sure that the chemistry works well." One of Pathy's major contributions was
securing artistic leadership for the company, which, until the appointment of
Lawrence Rhodes in 1989, was without an artistic director. This kind of
long-term vision is also what prompted Pathy to establish an endowment fund for
the company. "My ideal is to bring these organizations to the foreground and to
have them flourish," explains the philanthropist.
If the enthusiasm generated by the Ladies' Morning
Musical Club, Montreal's oldest chamber music society, and Brome Beaux Arts –
two organizations Pathy has long held under her wing – is of any indication, it
would seem that she is successful in achieving her aims. The latter, an
organization which Pathy founded in 1978, is now in its 27th season
of providing free chamber music concerts as a public service. Gone are the days
when music and the arts were no more than a frill reserved for a select few. The
ultimate fulfillment, Pathy contends, comes when she sees devotees of Brome
Beaux Arts making the trek to Montreal in order to attend concerts.
Yet such gratification is not always easy to come
by. "We're always short of money," sighs Pathy as she comments on the daily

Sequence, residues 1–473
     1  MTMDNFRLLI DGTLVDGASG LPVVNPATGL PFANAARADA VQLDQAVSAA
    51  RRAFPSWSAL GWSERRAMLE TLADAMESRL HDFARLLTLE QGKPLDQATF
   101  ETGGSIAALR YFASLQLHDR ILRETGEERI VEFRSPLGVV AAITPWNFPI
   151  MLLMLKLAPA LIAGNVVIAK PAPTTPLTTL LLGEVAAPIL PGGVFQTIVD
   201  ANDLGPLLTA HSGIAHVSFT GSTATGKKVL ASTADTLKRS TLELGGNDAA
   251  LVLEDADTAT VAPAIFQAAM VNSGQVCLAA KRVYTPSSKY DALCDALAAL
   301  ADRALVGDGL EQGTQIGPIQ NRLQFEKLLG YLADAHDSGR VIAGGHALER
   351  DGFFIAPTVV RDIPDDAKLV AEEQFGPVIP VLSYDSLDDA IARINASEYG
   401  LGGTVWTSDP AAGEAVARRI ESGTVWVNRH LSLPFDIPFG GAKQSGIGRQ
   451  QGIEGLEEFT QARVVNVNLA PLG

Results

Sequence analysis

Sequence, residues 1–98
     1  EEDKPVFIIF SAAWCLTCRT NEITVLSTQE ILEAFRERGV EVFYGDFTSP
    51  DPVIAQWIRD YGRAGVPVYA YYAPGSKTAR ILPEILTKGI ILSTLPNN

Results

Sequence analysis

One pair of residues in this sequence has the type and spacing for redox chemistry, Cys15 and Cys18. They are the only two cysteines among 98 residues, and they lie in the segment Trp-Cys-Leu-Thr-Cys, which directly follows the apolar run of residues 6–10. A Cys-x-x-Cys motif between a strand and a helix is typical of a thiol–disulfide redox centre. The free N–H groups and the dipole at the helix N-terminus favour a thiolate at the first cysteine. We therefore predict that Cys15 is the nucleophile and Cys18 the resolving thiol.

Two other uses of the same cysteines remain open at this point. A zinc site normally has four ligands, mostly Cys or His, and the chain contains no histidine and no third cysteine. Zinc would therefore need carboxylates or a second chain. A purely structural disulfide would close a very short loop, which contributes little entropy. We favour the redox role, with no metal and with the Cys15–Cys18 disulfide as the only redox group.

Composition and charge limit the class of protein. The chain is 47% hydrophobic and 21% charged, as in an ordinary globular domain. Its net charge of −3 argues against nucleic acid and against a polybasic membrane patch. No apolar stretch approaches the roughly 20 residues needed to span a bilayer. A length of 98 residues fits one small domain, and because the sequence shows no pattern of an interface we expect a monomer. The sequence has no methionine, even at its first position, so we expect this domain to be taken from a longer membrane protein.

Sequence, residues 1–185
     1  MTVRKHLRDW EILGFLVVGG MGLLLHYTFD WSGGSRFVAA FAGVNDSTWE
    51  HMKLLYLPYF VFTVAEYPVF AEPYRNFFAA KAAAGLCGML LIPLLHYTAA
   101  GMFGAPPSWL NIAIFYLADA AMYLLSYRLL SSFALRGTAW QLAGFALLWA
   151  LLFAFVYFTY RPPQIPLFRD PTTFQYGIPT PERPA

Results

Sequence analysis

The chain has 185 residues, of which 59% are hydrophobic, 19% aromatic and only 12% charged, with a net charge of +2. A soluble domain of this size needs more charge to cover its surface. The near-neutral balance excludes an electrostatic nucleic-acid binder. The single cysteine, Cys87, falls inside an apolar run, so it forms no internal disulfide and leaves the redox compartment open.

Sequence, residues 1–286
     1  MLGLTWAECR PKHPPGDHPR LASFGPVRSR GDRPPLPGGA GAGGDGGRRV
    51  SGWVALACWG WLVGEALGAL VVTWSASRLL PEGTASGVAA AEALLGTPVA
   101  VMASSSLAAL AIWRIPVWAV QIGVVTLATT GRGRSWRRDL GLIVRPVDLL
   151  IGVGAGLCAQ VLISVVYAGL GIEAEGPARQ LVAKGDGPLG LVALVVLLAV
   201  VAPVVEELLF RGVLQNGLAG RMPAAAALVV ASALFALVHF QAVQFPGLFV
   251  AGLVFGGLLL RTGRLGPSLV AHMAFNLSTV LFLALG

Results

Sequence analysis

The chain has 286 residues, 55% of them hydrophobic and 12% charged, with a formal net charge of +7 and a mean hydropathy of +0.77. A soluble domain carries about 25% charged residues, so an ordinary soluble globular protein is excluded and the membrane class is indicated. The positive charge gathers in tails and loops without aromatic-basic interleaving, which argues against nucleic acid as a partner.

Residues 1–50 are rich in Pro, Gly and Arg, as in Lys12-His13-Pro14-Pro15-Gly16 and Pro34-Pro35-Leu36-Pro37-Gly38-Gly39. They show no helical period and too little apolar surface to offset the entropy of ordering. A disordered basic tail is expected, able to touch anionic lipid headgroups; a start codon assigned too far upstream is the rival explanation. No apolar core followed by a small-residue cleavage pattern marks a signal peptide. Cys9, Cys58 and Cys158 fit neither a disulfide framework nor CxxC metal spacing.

struggle posed by fundraising, that inescapable reality of the arts world. "Big
organizations need a lot of funding. We need more support from the federal
government," affirms Pathy, who also hopes the Governor General's award will be
an additional feather in her cap to help tip the balance in her favour when she
goes knocking on doors.
This type of work has become second nature to
Pathy, who remembers being asked years ago to raise a small sum of money for a
minor project. "I responded by saying, 'I don't do funding'," chuckles Pathy.
Since that day, she has had ample opportunity to learn the tricks of the trade.
While Pathy is far from seeing an end to her involvement with the arts, she
remains sensitive to the problem of continuity, something often lacking in
non-profit organizations, as Labonté points out. Undeniably, people capable of
sustaining this form of commitment – "crazy, exceptional cases" to use Pathy's
own words – do not grow on trees. "I say I'm going to die with my boots on, but
you need to have succession," acknowledges Pathy, who is constantly on the
lookout for potential candidates.
For the time being, there is no shortage of work to
be done. The 2006-07 season will see Les Grands Ballets Canadiens celebrating
its 50th, while 2007 marks the 100th year of the Canadian
Guild of Crafts, another organization which benefits from Pathy's guidance.
These are, to be sure, milestones for some of the organizations comprising
Canada's arts scene, a scene she describes as developing. "Marvelous things are
happening," says the optimistic volunteer. "I get my satisfaction from seeing
organizations grow and develop and achieve excellence." This road to excellence
is one often paved with the selfless labour of volunteers like Pathy.